Watch Joe Rogan slam CNN for “making s*** up” about his Covid regimen

Jano le Roux

During his fight with COVID-19, podcast host Joe Rogan questioned whether he should sue CNN when the leftist network accused him of spreading false information after he took ivermectin, an antiparasitic medication that has lately triggered government health warnings.

Over the weekend, Rogan revealed to his listeners that he had contracted the coronavirus and had used several drugs to treat it, including ivermectin, a controversial admission after the Food and Drug Administration and the Centers for Disease Control and Prevention advised consumers against using ivermectin as a COVID-19 treatment.

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Joe Rogan speaking out against mediaYoutube / PowerfulJRE

Rogan said that the medication was given by his doctor and that it assisted in his rehabilitation, while CNN medical expert Dr. Jonathan Reiner argued that Rogan was misleading his audience.

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Take a look at what he had to say:

Reiner said that ivermectin “He’s not helping matters when he promotes this sort of nonsense therapeutic mix,” and that “doesn’t work.”

When CNN presenter Jim Acosta urged his guest, Dr. Anthony Fauci, to react to “COVID disinformation” on Sunday, he specifically named Rogan.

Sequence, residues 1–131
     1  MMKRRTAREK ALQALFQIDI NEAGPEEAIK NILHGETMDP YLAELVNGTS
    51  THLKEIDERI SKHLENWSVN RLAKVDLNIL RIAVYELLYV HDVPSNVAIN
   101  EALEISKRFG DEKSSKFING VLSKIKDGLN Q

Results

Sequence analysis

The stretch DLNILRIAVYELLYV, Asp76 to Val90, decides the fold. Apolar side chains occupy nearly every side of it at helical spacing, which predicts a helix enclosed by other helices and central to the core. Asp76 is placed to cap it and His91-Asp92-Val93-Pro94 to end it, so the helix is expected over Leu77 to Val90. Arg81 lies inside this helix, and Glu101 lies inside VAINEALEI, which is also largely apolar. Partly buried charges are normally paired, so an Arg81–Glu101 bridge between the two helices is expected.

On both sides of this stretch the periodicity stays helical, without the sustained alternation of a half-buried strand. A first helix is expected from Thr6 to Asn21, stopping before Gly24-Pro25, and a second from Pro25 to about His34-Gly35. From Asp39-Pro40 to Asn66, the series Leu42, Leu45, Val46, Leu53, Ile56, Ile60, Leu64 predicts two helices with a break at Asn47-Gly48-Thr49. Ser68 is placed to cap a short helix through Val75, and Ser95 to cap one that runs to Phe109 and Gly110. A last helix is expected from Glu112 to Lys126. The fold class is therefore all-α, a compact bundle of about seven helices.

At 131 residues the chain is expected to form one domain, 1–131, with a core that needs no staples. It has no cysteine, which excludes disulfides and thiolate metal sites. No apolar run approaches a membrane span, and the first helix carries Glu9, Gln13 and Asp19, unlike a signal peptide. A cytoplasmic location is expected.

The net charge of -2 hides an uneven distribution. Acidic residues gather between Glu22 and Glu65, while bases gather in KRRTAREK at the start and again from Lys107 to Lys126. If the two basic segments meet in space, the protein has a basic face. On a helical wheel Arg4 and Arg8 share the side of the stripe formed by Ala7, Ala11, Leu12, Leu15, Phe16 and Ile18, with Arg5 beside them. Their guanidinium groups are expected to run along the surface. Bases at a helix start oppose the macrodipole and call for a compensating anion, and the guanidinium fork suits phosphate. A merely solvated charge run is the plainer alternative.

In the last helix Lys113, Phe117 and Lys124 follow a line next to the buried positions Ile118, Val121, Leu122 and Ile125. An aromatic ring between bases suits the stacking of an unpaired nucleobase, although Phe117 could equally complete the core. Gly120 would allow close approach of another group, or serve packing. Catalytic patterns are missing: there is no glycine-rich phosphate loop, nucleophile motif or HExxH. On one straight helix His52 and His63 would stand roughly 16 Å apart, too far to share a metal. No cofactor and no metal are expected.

Rogan fought back against CNN’s story, pondering if he should sue the network.

“Bro, do I have to sue CNN?” Rogan made the announcement on Wednesday. “They’re making s**t up. They are saying I’m taking horse dewormer. I literally got it from a doctor. It’s an American company. They won the Nobel Prize in 2015 for use in human beings and CNN is saying I’m taking horse dewormer. They must know that is a lie.”

This week, the media was chastised for spreading a bogus story about Oklahoma hospitals being overrun by ivermectin overdose victims. Dr. Jason McElyea’s statement was cited in the article, which was first published by Oklahoma’s KFOR-TV news.

Later, the Northeastern Hospital System released a statement on McElyea’s involvement with the hospitals in question, stating that he had not worked there in two months and had not treated any ivermectin overdoses.

Following the bombshell explanation, The Rolling Stone, one of many sources to publish or spread the news, released an “update” which many readers felt should have been amended to a retraction.

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